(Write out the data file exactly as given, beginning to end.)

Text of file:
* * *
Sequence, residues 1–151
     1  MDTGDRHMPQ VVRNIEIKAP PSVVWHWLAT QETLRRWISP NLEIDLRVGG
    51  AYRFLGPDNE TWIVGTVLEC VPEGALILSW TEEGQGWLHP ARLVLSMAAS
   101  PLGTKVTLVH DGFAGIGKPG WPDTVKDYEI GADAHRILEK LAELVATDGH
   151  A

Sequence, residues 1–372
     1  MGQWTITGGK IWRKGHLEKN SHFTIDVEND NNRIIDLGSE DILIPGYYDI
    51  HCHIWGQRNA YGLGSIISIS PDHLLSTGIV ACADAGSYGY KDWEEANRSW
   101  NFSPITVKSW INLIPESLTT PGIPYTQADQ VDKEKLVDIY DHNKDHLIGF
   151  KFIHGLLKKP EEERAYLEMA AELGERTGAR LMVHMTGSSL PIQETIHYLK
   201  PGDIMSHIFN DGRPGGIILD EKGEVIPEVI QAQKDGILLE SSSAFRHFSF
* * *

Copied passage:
Sequence, residues 1–151
     1  MDTGDRHMPQ VVRNIEIKAP PSVVWHWLAT QETLRRWISP NLEIDLRVGG
    51  AYRFLGPDNE TWIVGTVLEC VPEGALILSW TEEGQGWLHP ARLVLSMAAS
   101  PLGTKVTLVH DGFAGIGKPG WPDTVKDYEI GADAHRILEK LAELVATDGH
   151  A

Sequence, residues 1–372
     1  MGQWTITGGK IWRKGHLEKN SHFTIDVEND NNRIIDLGSE DILIPGYYDI
    51  HCHIWGQRNA YGLGSIISIS PDHLLSTGIV ACADAGSYGY KDWEEANRSW
   101  NFSPITVKSW INLIPESLTT PGIPYTQADQ VDKEKLVDIY DHNKDHLIGF
   151  KFIHGLLKKP EEERAYLEMA AELGERTGAR LMVHMTGSSL PIQETIHYLK
   201  PGDIMSHIFN DGRPGGIILD EKGEVIPEVI QAQKDGILLE SSSAFRHFSF